This profile was last updated on //
Is this you? Claim your profile.
500 Jackson Street
Cummins Inc. is engaged in the designing, manufacturing, distributing and servicing diesel and natural gas engines, electric power generation systems and engine-related component products, including filtration and exhaust after treatment, fuel systems, co
Find other employees at this company (23,034)
(196 Total References)
Sharon is Vice President and General Counsel for Cummins Inc., where she is responsible for worldwide legal matters and oversees a team of lawyers, paralegals and other professionals.
With more than 30 years of experience in the legal profession, Sharon primarily specializes in intellectual property law.
Prior to joining Cummins, she served as Deputy Under Secretary of Commerce for Intellectual Property and Deputy Director of the United States Patent and Trademark Office (USPTO).
During the two years she
spent in that role, Sharon
led 15 foreign missions to meet with government representatives, as well as leaders in academia and industry to raise awareness about the impact of intellectual property on business and innovation.
She has spent the majority of her career in private practice, most recently at the law firm of Foley & Lardner in Chicago, where she led the firmâ€™s Intellectual Property Department, a team of more than 200 intellectual property lawyers.
received the 2013 American Inns of Court Professionalism award for the 7th Circuit and the 2011 Women of Vision award from the Womenâ€™s Bar Association of Illinois
was named one of the 50 Most Influential Minority Lawyers in America by the National Law Journal
in 2008 and an Illinois â€œSuper Lawyerâ€� by Law & Politics Media Inc.
(2005-2011) for her
intellectual property litigation work.
She is a graduate of Syracuse University where she earned a bachelorâ€™s degree in psychology and went on to receive a law degree from the University of Michigan Law School.
U.S. Supreme Court news « LawReader
"If the Supreme Court determines that the standards are too high right now, it would raise the bar of patentability," said Sharon Barner, a partner at law firm Foley & Lardner.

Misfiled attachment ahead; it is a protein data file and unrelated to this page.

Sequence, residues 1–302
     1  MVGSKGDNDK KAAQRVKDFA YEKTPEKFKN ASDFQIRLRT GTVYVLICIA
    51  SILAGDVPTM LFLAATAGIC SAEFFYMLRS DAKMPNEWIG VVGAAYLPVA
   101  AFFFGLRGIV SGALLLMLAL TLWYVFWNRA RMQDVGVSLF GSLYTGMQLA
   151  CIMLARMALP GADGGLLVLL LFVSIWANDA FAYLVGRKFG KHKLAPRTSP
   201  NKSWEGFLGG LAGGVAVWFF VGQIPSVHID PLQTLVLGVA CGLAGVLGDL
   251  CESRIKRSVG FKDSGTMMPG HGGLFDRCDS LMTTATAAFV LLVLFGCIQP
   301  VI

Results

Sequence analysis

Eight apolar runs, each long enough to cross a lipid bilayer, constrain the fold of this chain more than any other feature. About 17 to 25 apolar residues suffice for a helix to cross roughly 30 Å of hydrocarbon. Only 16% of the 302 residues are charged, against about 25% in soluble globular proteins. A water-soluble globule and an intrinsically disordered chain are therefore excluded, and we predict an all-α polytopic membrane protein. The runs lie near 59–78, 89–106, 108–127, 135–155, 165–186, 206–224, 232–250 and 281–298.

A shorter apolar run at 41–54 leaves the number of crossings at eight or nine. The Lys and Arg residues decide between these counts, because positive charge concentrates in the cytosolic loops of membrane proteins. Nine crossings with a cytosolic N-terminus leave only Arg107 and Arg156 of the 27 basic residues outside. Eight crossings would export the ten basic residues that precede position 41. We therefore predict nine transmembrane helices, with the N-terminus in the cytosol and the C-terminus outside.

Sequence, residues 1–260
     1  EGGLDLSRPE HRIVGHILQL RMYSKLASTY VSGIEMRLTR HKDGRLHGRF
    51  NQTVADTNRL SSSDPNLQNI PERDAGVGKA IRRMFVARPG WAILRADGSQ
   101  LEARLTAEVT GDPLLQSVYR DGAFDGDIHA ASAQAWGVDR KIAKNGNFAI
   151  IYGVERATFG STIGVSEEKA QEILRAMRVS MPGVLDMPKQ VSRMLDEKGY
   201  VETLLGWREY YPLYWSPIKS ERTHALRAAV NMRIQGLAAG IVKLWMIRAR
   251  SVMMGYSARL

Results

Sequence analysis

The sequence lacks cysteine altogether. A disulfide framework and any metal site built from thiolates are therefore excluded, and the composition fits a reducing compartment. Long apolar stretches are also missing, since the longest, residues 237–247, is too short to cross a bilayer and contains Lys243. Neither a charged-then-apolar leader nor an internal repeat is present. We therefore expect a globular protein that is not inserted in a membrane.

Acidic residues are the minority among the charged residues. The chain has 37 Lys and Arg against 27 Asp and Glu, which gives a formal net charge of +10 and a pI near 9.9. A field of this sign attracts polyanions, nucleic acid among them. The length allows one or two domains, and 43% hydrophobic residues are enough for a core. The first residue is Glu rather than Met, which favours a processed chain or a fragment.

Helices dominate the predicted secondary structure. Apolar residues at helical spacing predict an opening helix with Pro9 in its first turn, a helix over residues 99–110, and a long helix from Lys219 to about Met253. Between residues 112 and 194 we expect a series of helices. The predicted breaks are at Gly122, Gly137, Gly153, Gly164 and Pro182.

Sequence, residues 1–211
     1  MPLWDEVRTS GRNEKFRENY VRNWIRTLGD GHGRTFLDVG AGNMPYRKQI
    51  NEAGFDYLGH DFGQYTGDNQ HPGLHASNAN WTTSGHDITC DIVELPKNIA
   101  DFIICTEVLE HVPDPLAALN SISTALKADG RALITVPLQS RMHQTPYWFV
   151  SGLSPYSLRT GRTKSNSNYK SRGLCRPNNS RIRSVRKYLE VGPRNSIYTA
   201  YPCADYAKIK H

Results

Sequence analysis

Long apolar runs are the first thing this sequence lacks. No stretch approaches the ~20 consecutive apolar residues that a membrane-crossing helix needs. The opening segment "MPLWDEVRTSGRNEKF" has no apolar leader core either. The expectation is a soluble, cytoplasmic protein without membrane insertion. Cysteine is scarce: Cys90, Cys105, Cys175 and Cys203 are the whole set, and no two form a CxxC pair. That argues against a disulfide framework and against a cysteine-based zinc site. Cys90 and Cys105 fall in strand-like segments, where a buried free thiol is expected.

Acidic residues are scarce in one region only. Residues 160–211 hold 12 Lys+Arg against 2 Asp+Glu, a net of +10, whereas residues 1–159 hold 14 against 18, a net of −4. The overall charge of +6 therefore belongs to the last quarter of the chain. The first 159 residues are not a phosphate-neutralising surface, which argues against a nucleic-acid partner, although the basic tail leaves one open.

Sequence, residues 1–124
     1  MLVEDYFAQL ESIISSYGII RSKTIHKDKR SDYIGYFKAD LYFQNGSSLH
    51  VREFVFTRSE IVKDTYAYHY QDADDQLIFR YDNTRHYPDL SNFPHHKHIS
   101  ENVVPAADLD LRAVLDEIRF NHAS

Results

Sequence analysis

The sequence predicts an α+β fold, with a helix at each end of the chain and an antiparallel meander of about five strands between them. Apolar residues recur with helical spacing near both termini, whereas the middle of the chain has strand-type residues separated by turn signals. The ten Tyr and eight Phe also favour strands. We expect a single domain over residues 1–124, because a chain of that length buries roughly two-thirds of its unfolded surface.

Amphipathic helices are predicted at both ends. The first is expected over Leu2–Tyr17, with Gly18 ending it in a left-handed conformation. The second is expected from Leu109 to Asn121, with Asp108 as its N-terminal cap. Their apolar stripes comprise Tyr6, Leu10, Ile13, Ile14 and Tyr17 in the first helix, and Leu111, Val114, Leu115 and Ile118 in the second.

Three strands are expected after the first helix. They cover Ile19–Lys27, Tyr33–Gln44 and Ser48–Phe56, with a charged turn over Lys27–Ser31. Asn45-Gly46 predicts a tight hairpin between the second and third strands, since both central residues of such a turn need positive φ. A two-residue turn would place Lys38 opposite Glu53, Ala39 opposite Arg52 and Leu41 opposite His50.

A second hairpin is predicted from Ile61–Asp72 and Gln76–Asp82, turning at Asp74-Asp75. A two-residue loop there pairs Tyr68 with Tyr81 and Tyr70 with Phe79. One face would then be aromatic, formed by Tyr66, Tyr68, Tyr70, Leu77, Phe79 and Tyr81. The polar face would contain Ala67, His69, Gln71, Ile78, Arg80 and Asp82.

"You would have fewer patents coming out (and) it would impact investment in innovation."
said patents that were already granted could be struck down for not truly being innovative, and that would make corporations that were heavily invested in research and development think twice before funding certain projects or ideas.
Commerce Secretary Gary Locke Appoints Sharon Barner Deputy Director of the
WASHINGTON - U.S. Commerce Secretary Gary Locke appointed Sharon Barner to the post of deputy director of the U.S. Patent and Trademark Office (USPTO).
Sharon is a deeply qualified IP attorney and her experience is an important addition to the USPTO senior leadership as they reshape the office and work with Congress to pass comprehensive patent reform."
Barner is a top attorney in the field of intellectual property with 23 years of legal experience.
She is currently a partner with Foley & Lardner LLP in Chicago and chairs the firm's Intellectual Property Department.
experience spans clients in fields including those involved in patent, trademark and copyright disputes and also technical science fields such as genetically engineered foods, computers and satellites.
Serving under Kappos
will take charge of an office that provides incentives to encourage innovation and technological advancement, and helps businesses protect their investments, promote their goods and safeguard against deception in the marketplace.
Over the past ten years, Barner
has been featured as a top intellectual property lawyer in The National Law Journal, Black Enterprise Magazine, Diversity and the Bar and IP Law & Business
and was recognized in the Illinois Super Lawyers for her
intellectual property litigation work.
also regularly writes and lectures on several intellectual property topics including business counseling, patent litigation and risk management.
Barner received a Bachelor of Science degree and a Bachelor of Arts degree in political science from Syracuse University and a law degree from the University of Michigan in 1982.
NEWS - E-commerce patent threat
A decade ago, it would have been quite unusual for someone to claim patent rights over a widely used technology, but in recent years that has changed radically, said Sharon Barner, a Chicago-based intellectual property attorney with the firm of Foley & Lardner.
"It's a bit like product liability litigation," Barner
"It started off small but has gotten bigger and more outrageous--like suing McDonald's
for making you fat."
Difficult to challenge
A problem, Barner
said, is that in the United States it is difficult and expensive to overturn a patent in court.
Unlike many other countries this nation does not have a practical way to challenge patents inexpensively in the patent office, she
The reaction by Cable and some other small-business operators to band together and fight what appears to be an unreasonable lawsuit is typical, Barner
Homepage of Prof. Peter K. Yu
Sharon R. Barner, Esq., Partner, Foley & Lardner LLP, Chicago